Meanwhile Jerry looks tired and pale (paler even than usual) as he awaits his first grand jury hearing this coming Thursday. At this hearing, and others that may follow, he will refuse to talk and may be taken straight into federal custody. He described himself as “grimly resolute” when we spoke a few days ago. “Any time you’re subpoenaed in a matter like this and you refuse to cooperate, you have to be prepared to go to prison. The fact that I did not last time is, I’m told, incredibly atypical.”
It seems an obvious abrogation of the spirit, at least, of the writ of habeas corpus, that an individual could be jailed without being charged or convicted of any crime. But the shrouded grand jury system has coercive imprisonment inscribed into the letter of our federal justice system. “It’s actually lawful for the prosecution to hold an individual in order to coerce cooperation, but unlawful to hold the person as a form of punishment,” NLG’s Boghosian told me last year when I first wrote about grand jury resistance for Truthout. As I explained when reporting on the Northwest grand jury resisters:
The closed-door procedures are rare instances in which an individual loses the right to remain silent…The grand jury can grant a subpoenaed individual personal immunity; Fifth Amendment rights against self-incrimination are therefore protected, but silence is not. In these instances, refusal to speak can be considered civil contempt. Non-cooperators can be jailed for the 18-month length of the grand jury.
Yet if federal prosecutors in New York have hidden intention, as activists fear, of using Jerry to find out about anarchist activity in the city, their fishing will yield nothing. New York’s (often disjointed) radical milieu has seen Jerry resist a grand jury once before and knows he will do so again, even if placed in solitary confinement. As such, a strong support network has come together to spread the word about Jerry’s case, the coercive functioning of grand juries and resistance. Artist friends designed T-shirts, a call was put out to “pack the court” on Thursday, tech-aware friends were swift to put up a website to share information and raise funds for Jerry’s prison commissary and legal costs. For Jerry, it’s been a heartening and a resolve-strengthening show of solidarity. “While the feds may rely on a strategy of going after anarchists to uncover their interpersonal and political connections, people see how powerful a united front is and our communities become more resilient, ” he said.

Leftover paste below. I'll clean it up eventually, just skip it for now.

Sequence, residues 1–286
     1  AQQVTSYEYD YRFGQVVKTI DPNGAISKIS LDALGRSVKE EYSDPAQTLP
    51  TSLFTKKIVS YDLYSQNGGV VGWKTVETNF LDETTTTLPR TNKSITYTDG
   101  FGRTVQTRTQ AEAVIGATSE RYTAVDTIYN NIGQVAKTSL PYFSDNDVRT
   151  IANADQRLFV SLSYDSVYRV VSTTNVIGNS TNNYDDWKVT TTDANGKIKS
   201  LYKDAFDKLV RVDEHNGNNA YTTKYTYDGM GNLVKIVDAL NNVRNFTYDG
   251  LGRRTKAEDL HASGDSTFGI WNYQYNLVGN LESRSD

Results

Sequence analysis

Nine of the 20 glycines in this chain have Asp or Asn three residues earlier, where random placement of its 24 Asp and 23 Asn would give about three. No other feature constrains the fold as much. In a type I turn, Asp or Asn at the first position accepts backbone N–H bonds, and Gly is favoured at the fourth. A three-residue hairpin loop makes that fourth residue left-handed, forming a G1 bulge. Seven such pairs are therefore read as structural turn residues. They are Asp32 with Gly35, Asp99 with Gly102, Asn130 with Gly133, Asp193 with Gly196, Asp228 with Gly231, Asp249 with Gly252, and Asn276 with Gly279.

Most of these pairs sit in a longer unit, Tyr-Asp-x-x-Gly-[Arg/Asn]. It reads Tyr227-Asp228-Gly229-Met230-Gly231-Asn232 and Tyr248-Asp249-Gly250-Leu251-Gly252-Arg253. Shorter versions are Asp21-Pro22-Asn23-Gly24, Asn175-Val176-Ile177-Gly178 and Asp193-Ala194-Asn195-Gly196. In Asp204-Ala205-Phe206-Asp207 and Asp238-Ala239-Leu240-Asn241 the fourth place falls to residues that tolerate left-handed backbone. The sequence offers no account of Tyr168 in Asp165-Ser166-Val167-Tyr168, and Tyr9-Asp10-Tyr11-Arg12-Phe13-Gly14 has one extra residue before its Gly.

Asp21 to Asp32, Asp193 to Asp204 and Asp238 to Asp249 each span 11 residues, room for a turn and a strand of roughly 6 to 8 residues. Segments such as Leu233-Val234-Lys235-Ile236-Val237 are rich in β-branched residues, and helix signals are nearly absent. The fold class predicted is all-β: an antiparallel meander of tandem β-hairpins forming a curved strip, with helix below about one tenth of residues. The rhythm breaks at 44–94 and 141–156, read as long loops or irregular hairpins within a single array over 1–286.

A representative from the New York U.S. Attorneys Office told Salon that the office does not offer comment, confirmations or denials regarding grand jury investigations or subpoenas.
Meanwhile, all the resolve in the world can’t attenuate the fear of imprisonment — for Jerry or his loved ones. His long-term partner, Amanda Clarke, whose hair I’ve seen dyed every hue from palest pink to raven black, carries the burden that her partner could be locked away from her for over a year. “I feel like I’ve aged 10 years. As the [hearing] date gets closer, it’s harder to live life as normal,” she told me this week, having poured her every spare hour into Jerry’s support network. “When I explained the situation to my mother, who is not political, and other non-political friends, I felt I sounded like a conspiracy theorist — no one thought you could go to jail without a conviction, for no punitive purpose.”
Yet grand juries provide this dark loophole, and Jerry — like the grand jury resisters in the Northwest, and numerous 1990s animal rights activists before them and black radicals before them — faces incarceration for his silence. As A.M. Gittlitz, writing for Truthout on Jerry’s situation, noted, “the antiquated grand jury model comes pretty close to the puritanical damned-if-you-do, damned-if-you-don’t methods of pre-Constitutional trials.” And for my friend Jerry — described by his partner as “the most resolute man” she knows — the silver lining is thin but bright. In the context of New York radical politics regularly centered around posturing and blustering, Jerry’s resistance is potent. For him, this silence is “the best example of meaning what you say.”